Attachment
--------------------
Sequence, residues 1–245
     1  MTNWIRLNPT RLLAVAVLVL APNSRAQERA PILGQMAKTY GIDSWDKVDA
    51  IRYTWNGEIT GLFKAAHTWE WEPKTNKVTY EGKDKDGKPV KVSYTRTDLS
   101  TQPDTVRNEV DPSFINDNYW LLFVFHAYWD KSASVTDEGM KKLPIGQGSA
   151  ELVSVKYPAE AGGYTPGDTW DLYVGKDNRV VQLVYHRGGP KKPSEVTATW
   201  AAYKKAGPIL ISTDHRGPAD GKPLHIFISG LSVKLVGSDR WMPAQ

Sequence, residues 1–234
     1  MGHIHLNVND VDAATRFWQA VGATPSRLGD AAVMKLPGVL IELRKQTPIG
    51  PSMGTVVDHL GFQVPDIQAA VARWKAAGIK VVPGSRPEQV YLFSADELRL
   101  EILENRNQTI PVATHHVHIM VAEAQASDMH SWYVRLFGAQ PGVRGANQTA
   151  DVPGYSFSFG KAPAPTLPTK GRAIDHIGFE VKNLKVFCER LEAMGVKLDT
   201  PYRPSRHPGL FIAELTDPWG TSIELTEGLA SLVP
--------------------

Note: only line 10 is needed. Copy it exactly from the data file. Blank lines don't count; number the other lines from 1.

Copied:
   101  EILENRNQTI PVATHHVHIM VAEAQASDMH SWYVRLFGAQ PGVRGANQTA